Toots – A Film About Toots Shor

toots2Now here’s a documentary that has it all. Toots Shor, saloonkeeper in New York City from the 40’s through the 60’s is profiled by his granddaughter, Kristi Jacobson. In the process, she delves into NY history as far back as 1900, using amazing archive photographs and newsreel footage. In addition to all these great materials to work with, she uncovered a lost, fortunately preserved oral taped interview with Shor made by an historian back in the 1970’s, when he was out of the limelight and near the end of his life. The story of Toots is told also from many perspectives in interviews that took years to gather. Entertainers, sports figures, newsmen, sports writers, novelists, and even gangsters are in the mix.  It is worth mentioning that this is a straight, no chaser documentary – meaning that although this is a personal film, Jacobson is not trying to reckon with a family member’s sordid past. There is no attempt to psychoanalyze anyone. However, he is shown warts and all, and still remains an interesting and admirable man of his times.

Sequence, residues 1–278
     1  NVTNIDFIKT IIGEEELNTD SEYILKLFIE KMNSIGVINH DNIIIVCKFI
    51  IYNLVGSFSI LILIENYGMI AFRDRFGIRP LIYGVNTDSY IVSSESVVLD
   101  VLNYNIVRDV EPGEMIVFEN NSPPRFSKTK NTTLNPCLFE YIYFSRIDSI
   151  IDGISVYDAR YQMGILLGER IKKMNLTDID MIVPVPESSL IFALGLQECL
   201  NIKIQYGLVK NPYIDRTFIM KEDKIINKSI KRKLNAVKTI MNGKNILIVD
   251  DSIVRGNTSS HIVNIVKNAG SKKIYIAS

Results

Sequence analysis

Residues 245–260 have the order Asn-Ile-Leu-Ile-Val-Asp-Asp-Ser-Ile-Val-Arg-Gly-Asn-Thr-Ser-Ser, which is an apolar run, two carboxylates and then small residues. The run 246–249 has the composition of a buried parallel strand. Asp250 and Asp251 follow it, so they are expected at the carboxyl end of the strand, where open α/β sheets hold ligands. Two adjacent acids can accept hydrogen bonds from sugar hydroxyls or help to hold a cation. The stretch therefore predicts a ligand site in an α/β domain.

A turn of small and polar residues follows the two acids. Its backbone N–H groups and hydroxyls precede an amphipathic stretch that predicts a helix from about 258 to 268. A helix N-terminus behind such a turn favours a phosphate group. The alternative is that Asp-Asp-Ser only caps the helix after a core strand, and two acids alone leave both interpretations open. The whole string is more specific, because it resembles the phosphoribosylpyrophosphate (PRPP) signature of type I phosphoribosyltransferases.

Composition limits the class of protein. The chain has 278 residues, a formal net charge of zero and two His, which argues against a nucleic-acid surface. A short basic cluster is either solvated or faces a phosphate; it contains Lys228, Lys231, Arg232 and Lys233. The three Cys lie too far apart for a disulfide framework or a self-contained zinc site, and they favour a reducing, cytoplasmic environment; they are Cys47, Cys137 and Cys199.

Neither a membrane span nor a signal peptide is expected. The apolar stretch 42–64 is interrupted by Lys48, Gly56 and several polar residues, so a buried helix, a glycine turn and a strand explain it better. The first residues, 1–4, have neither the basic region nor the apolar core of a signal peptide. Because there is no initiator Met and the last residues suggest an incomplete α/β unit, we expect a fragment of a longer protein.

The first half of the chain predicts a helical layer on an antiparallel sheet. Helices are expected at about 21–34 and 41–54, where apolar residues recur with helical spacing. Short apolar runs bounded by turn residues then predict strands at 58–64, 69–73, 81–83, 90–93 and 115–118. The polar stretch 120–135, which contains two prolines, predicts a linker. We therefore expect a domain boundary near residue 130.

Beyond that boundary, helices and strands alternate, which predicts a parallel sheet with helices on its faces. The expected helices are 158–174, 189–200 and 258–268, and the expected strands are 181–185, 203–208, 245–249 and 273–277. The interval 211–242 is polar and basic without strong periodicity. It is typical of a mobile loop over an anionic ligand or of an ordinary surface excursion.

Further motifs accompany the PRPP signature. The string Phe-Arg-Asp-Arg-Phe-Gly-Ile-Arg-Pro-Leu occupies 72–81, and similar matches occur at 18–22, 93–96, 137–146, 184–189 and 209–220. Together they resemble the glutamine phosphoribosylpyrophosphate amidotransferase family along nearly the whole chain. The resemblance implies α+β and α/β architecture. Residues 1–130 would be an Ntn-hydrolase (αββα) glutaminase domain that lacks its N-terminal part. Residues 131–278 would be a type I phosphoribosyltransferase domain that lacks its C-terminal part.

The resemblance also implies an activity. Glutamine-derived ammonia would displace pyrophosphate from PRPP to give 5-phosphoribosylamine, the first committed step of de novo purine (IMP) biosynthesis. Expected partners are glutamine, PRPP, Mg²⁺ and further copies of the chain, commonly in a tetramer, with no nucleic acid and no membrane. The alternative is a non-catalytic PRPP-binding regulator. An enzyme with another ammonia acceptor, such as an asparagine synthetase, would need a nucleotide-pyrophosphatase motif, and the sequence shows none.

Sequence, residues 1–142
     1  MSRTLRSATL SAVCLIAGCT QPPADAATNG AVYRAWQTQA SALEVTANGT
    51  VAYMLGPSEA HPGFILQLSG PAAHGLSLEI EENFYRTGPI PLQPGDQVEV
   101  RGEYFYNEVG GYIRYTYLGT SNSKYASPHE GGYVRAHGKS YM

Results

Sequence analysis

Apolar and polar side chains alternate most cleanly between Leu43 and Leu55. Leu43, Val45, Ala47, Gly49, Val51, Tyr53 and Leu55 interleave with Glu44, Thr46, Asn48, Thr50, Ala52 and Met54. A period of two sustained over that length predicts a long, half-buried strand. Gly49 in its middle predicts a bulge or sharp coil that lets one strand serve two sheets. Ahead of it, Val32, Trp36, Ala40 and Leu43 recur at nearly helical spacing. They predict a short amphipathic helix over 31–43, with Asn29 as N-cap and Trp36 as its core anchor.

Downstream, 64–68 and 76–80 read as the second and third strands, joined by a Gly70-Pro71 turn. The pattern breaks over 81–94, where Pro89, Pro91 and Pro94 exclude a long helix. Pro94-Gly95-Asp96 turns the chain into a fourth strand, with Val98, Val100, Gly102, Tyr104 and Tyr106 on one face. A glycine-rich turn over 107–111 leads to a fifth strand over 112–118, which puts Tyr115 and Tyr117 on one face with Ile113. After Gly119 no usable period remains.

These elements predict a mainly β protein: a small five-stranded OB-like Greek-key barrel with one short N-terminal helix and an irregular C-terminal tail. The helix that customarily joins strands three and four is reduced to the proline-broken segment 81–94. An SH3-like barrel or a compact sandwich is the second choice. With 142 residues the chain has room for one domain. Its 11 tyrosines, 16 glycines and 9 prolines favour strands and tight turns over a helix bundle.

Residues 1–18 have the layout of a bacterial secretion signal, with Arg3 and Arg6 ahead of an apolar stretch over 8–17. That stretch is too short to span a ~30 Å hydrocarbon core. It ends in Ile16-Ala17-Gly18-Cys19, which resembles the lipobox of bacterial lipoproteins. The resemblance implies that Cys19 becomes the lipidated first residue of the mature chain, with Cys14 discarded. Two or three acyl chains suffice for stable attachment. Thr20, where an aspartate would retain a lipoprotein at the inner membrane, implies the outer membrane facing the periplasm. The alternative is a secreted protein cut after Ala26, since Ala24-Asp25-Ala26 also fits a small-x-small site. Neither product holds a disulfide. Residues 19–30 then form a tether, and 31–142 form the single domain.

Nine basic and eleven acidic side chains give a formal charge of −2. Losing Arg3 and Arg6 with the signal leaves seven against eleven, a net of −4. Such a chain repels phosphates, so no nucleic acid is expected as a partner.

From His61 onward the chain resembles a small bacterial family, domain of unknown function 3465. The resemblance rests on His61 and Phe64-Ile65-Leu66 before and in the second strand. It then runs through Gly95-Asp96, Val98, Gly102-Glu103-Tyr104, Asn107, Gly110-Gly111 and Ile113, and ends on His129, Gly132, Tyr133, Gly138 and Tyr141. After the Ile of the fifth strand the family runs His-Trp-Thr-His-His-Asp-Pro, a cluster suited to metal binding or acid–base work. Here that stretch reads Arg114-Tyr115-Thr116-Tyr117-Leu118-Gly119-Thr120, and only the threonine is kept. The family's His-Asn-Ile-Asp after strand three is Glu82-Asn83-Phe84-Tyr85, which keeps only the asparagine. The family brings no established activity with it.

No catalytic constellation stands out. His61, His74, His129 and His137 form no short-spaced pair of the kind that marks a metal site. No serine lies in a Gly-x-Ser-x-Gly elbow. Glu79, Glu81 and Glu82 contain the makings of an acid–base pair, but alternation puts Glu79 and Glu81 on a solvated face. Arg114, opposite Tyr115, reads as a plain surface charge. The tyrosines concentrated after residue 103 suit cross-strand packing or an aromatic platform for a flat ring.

The man was a legend, and hearing the stories of various interview subjects is really where his story is told. It really makes you wish you had a chance to pop in for a drink or a meal at Toots Shor back in the day (really the 1950’s was the peak) andToots witness him joking around with Jackie Gleason or slapping Frank Gifford on the back. You pretty much could have, as well. Amazing as it seems now, there was an openness that you get a sense of – a lack of velvet-rope exclusivity that is really appealing. There is so much in this film you’ll want to watch it a couple of times. The original score by Mark Suozzo is absolutely brilliant, and puts you right in the times. The DVD also has a really informative and interesting commentary track with Jacobson in which she describes the process of making the film, where she got certain materials, etc. DVD Released Jan. 13,2009 on Indiepix.

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